Maxine Waters

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Maxine Waters

“This is a national crisis. Our community can wait no longer.” These were the dramatic words voiced by California Congresswoman Maxine Waters in 1998, as she sounded the AIDS alarm. As chair of the Congressional Black Caucus, the fiery Democrat and her colleagues joined with other community leaders and took the dramatic step of declaring the HIV/AIDS epidemic in communities of color a “state of emergency.”

Congress answered her courageous appeal with the Minority HIV/AIDS Initiative, a comprehensive, $136.9-million package of grants and programs targeted specifically on African Americans. But Congresswoman Waters hasn’t let up: On July 21, 2001, she sent a letter to the ranking member of the House Appropriations Committee urging an increase in the total for this initiative to $540 million. Thanks to her plain-talking, no-holds-barred style, to date she has managed to cajole, wrangle and arm-twist 86 members of Congress to sign her letter. “I don’t have time to be polite,” she says.

The tireless, committed Maxine Waters doesn’t have time, period. A member of Congress for over a decade, she is widely considered to be one of the most powerful women in American politics today. She has gained a reputation as an outspoken advocate for African Americans, children, the poor and, particularly, people with AIDS.

Several months ago, she introduced H.R. 933, the Affordable HIV/AIDS Medicines for Poor Countries Act, which would help make lifesaving medication available to those living with HIV/AIDS in developing countries. “Because so many people around the world are dying, it is important for those of us who make public policy to find new ways to stop the rate of infection and death,” she says.

Maxine Waters has always been a fireball. Born in St. Louis in the late 1930s, the fifth of 13 children, she began working as a bus girl in a segregated restaurant when she was just 13. After moving to Los Angeles, she worked in garment factories and at the telephone company before earning her degree at California State University at Los Angeles. She began her career in public service as a teacher and a volunteer coordinator in the Head Start Program. She took part in many political campaigns, knocking on doors and handing out leaflets, before she was elected to the California State Assembly in 1976. In 1990, she became the second Black female elected to Congress. She is now serving her sixth term, after being re-elected in 2000 with an overwhelming 87 percent of the votes in the 35th District of California.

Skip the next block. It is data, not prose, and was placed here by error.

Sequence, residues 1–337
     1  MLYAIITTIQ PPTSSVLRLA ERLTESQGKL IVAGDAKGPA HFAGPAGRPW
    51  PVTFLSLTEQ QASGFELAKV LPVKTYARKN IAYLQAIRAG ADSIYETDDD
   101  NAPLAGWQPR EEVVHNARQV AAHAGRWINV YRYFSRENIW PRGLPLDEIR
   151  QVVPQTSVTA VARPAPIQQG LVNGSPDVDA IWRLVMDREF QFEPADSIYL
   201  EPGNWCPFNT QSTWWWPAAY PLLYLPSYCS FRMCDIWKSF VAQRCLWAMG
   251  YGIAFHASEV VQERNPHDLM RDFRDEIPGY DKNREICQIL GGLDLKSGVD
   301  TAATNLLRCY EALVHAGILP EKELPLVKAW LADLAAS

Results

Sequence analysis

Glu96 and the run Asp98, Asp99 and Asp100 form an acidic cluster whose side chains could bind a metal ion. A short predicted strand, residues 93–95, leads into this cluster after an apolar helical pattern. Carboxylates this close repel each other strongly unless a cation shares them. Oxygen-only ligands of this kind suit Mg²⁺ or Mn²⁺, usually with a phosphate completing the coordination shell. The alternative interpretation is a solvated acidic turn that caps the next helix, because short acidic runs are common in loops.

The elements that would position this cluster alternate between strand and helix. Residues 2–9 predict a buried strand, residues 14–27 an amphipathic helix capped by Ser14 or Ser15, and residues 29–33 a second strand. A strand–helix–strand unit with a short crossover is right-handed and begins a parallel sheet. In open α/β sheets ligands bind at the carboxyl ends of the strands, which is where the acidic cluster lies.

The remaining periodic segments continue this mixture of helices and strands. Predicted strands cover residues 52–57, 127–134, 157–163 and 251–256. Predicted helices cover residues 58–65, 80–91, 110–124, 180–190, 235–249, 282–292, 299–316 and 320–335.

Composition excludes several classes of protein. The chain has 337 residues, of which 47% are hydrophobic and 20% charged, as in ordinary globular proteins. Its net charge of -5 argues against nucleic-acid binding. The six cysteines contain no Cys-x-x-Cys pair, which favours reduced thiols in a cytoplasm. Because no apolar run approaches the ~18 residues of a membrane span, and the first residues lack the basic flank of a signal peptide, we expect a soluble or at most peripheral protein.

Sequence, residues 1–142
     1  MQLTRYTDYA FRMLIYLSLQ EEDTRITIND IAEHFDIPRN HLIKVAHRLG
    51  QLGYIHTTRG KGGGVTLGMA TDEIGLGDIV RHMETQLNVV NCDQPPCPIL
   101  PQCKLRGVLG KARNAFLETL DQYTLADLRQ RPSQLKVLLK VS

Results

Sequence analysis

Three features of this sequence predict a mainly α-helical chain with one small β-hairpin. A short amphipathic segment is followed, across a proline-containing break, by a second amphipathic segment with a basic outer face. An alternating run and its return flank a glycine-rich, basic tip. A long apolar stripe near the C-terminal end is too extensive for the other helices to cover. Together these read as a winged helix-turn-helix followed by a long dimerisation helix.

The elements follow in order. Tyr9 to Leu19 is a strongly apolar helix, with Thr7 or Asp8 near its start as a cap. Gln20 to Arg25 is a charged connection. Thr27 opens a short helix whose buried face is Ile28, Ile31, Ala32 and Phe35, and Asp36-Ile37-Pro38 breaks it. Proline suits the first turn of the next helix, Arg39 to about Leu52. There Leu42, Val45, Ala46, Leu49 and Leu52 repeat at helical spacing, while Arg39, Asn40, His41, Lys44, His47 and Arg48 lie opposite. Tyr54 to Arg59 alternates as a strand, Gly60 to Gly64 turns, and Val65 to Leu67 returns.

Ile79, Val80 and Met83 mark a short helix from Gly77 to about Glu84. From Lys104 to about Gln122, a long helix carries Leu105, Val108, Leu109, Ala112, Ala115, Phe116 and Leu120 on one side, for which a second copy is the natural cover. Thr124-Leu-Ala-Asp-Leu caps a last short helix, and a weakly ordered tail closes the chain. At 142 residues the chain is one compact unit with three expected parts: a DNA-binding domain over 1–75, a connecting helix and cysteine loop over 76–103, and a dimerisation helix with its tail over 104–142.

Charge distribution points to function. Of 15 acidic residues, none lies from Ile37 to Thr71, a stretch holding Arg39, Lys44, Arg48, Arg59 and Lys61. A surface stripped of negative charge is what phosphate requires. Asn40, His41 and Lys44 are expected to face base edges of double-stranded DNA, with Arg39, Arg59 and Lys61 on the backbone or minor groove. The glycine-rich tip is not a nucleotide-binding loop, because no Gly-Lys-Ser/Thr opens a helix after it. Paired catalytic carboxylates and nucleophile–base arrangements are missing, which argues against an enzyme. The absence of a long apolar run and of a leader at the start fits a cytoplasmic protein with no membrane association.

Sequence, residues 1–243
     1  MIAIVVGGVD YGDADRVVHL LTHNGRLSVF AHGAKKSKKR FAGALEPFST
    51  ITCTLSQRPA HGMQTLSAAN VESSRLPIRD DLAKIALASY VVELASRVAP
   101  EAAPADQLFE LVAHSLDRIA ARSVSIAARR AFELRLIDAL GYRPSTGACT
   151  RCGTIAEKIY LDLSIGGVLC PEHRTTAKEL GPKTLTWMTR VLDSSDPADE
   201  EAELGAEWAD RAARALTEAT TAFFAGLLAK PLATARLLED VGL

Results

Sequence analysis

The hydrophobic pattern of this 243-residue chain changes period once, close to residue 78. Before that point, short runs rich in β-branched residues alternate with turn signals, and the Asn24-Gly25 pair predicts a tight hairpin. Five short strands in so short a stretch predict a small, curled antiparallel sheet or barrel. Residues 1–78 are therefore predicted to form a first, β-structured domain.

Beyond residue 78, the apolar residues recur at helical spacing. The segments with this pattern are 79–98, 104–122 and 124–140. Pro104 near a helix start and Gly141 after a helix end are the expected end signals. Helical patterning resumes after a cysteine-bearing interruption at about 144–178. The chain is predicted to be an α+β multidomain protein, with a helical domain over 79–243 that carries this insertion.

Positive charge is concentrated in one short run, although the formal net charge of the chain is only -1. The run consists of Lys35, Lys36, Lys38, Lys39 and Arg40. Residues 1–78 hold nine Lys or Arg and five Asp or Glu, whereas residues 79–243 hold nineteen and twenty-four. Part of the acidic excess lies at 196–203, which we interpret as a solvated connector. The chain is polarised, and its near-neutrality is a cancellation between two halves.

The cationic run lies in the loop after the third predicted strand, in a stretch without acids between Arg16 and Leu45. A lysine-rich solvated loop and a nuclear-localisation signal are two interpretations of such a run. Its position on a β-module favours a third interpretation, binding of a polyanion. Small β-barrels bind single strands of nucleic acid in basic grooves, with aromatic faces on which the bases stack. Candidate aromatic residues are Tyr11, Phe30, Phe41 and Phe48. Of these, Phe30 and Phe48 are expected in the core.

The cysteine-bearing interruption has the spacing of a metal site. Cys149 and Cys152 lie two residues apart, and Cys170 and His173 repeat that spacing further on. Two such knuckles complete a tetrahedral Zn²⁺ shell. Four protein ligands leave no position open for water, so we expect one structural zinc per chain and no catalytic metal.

Congresswoman Waters became a passionate warrior in the fight against AIDS in the late 1980s, after Rev. Carl Bean, the founder of the Minority AIDS Project, asked her to speak at a fundraiser. “I remember going to a gay bar on Pico called Catch One and meeting so many young men who had HIV or AIDS,” she recalls. “Those were the days when there was not much support for people with AIDS. Many had been disowned from their families and kicked out of their homes. It was then that I understood the point of what was happening and became determined to use my office to raise funds.”

Despite her national visibility and acclaim, the congresswoman also remains involved in the AIDS struggle at the grassroots level. As president of the Alliance of Black Women’s Organizations, for the past three years she has led an annual march through the neighborhoods of Los Angeles in June, on National HIV Testing Day. Dressed in all black, the women of the Alliance walk the streets of Los Angeles to distribute information and talk directly to people about the devastating impact of HIV/AIDS.

Sadly, she knows that devastating impact all too well. Her older sister, who resides in New York, has been living with AIDS for a number of years. “My sister is in poor health, and I worry about her so much,” says Congresswoman Waters, who is married and has two adult children and two grandchildren. “It is very painful to see her suffer, but she is a strong person and a fighter.”

Congresswoman Waters says that she is in the battle until the epidemic is over. “This is very gratifying work,” she says. “When I travel through the country talking with people who work on AIDS projects and those who are infected, they show such appreciation and gratitude for what I do. That is very inspiring and very satisfying.”

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